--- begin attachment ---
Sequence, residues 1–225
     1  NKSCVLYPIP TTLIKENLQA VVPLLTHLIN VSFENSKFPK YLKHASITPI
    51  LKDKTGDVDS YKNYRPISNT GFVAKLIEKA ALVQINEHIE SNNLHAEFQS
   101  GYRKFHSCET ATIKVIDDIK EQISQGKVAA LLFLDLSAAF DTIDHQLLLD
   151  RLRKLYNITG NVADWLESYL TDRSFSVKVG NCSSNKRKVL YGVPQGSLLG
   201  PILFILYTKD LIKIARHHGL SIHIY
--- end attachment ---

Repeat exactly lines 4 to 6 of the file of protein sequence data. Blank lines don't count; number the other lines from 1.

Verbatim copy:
   101  GYRKFHSCET ATIKVIDDIK EQISQGKVAA LLFLDLSAAF DTIDHQLLLD
   151  RLRKLYNITG NVADWLESYL TDRSFSVKVG NCSSNKRKVL YGVPQGSLLG
   201  PILFILYTKD LIKIARHHGL SIHIY